What is the definition of the KET test?
The KET (or KEY) English Test is the easiest of the Cambridge exams. It is known today as the A2 Key test, because it certifies you as an A2 level student in English. This exam tests your level in writing, reading, speaking and listening.
The KET shows that you can:
- understand and use basic phrases and expressions
- understand simple written English
- introduce yourself and answer basic questions about yourself
- interact with English speakers at a basic level.
Who can take the KET test?
The KET exam is the test to choose if you are new to learning English. If you want to make sure you have a basic understanding of spoken and written English, and that you are able to have short interactions with English speakers, you are the perfect candidate!
The KET can also give you the confidence to study for higher-level English exams, such as the PET. Depending on your age, you will have to choose between two versions of the text. You can find more information on this point down below.
What is the format of the KET test?
The KET lasts about two hours. It is made up of three papers. The first paper (50% of the final mark) tests your reading and writing abilities. It lasts about one hour, and shows that you can understand simple written information such as signs, brochures, newspapers and magazines.
The second paper (25% of the final mark) tests your listening skills: you will need to be able to understand announcements and other slow spoken materials.
The third paper (25% of the final mark) will focus on your speaking abilities: you will need to take part in a conversation by answering and asking simple questions. You will be face to face with one or two other candidates and two examiners.
Two versions of the KET test
There are two versions of the KET: the A2 Key and the A2 Key for Schools. Deciding which one to take is fairly easy: it depends on how old you are. The two tests are almost exactly the same, the only difference between the two tests is the targeted audience.
The A2 Key is designed for teenagers or adults, whereas the A2 Key for Schools is aiming at school-age learners. This difference has consequences on the content of the test, but not on the format or on the level being tested. The two versions certify that you are an A2 level English learner.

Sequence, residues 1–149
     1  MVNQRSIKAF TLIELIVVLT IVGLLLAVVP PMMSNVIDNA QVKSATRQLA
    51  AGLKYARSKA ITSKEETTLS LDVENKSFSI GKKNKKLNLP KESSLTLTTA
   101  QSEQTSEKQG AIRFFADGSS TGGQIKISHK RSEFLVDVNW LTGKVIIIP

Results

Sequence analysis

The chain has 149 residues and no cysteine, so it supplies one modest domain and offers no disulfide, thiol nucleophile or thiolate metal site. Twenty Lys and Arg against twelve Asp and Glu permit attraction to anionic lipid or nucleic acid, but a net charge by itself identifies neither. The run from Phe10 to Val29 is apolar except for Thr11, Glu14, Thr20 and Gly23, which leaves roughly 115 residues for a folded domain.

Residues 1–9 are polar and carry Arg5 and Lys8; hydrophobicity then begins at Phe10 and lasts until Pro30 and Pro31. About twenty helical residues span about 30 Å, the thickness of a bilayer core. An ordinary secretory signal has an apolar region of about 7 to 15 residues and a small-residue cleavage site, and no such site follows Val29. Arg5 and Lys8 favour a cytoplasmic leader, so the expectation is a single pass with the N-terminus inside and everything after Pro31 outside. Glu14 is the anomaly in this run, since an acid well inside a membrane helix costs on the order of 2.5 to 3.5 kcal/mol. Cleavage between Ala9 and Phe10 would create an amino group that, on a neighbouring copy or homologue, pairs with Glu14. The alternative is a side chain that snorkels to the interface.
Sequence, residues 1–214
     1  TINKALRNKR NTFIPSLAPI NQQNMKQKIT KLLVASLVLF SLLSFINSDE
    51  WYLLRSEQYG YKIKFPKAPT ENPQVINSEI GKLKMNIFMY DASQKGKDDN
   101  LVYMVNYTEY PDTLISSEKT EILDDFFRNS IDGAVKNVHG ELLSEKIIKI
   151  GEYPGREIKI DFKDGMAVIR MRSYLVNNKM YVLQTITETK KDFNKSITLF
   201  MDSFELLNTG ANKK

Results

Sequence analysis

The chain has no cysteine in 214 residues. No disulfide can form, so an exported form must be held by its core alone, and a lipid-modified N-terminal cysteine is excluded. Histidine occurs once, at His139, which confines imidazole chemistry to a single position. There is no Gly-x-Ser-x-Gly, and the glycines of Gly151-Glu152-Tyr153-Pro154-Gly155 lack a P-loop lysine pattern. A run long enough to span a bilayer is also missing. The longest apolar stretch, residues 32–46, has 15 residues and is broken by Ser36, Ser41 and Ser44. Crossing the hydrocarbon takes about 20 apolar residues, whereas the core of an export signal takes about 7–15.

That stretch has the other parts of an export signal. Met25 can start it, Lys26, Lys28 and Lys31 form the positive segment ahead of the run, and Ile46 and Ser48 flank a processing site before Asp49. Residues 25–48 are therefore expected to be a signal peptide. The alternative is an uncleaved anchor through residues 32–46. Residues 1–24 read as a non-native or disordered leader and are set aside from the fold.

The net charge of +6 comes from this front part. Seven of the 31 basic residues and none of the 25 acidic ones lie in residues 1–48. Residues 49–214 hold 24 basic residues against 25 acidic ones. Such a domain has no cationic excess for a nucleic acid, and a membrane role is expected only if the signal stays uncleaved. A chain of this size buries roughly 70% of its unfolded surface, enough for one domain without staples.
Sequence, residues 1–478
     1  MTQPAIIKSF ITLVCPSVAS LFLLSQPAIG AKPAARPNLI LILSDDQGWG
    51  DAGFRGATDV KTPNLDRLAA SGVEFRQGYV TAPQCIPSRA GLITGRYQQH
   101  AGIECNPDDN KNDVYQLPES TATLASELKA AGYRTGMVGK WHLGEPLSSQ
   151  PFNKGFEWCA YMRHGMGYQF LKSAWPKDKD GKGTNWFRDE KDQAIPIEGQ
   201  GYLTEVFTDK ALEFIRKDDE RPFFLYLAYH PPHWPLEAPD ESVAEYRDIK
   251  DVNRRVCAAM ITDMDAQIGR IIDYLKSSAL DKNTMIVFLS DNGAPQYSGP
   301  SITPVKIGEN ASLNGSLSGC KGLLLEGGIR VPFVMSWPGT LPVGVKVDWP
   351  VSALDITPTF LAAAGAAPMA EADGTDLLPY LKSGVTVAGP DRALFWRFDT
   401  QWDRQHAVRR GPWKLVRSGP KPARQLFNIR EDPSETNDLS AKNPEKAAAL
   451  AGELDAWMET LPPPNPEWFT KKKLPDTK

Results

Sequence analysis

How to get ready for your test with GlobalExam?
Even if the KET is known to be the easiest test of the Cambridge Exams, it doesn’t mean you don’t need to be prepared before taking it. It is very important to know what kind of questions and exercises to expect before the day of the exam, to avoid any unnecessary stress and bad surprises.
GlobalExam has everything you need: first, you can evaluate your actual level for free before taking the test. It is easier to design a study plan when you know what you need to work on. Once you are clear with what your strengths and weaknesses are, you can try our exercises designed to reproduce the kind of exercises you will have to face during the test. All of this for free!
If you are looking for a quick revision, you also have access to vocabulary and grammar study sheets, to make your studying more efficient.
Find out more on our Premium Plans
Finally, if you wish to go further and make sure you have everything you need before taking the test, you can sign up for one of our Premium Plans. This will give you access to very thorough sections built to help you get prepared.
You can find the training mode (exercises on particular sections of the test, so you can focus on one section in particular), the exam mode (gives you access to mock exams in real-life conditions), Corrections and statistics (every exercise and mock exam gives you a detailed correction and explanation for each question and your score is immediately displayed), The Statistics and skills (displays clearly what are your weaknesses or your strengths on one particular skill).
For each skill you can find some related exercises that allow you to work even more on this particular skill. It is also possible to follow a study plan in order to get a direction on which exercises to do on a particular period of time (you can decide on a date when you’ll be tested, what level you are starting on, and what is your objective).